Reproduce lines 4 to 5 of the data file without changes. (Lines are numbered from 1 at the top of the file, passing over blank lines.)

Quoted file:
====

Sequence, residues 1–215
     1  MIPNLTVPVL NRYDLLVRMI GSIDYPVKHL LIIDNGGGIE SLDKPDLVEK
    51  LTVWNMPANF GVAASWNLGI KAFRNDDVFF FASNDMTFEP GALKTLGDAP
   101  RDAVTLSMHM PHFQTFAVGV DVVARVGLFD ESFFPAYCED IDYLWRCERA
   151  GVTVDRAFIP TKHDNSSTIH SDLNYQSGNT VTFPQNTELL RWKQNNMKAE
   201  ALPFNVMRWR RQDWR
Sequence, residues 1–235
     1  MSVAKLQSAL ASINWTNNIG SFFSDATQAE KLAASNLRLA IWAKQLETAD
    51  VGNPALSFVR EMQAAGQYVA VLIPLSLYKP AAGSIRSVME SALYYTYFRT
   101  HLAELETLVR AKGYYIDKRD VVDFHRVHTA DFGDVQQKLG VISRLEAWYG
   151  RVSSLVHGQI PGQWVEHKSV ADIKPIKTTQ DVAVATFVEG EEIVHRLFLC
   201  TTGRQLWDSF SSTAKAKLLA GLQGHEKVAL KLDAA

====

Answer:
   101  RDAVTLSMHM PHFQTFAVGV DVVARVGLFD ESFFPAYCED IDYLWRCERA
   151  GVTVDRAFIP TKHDNSSTIH SDLNYQSGNT VTFPQNTELL RWKQNNMKAE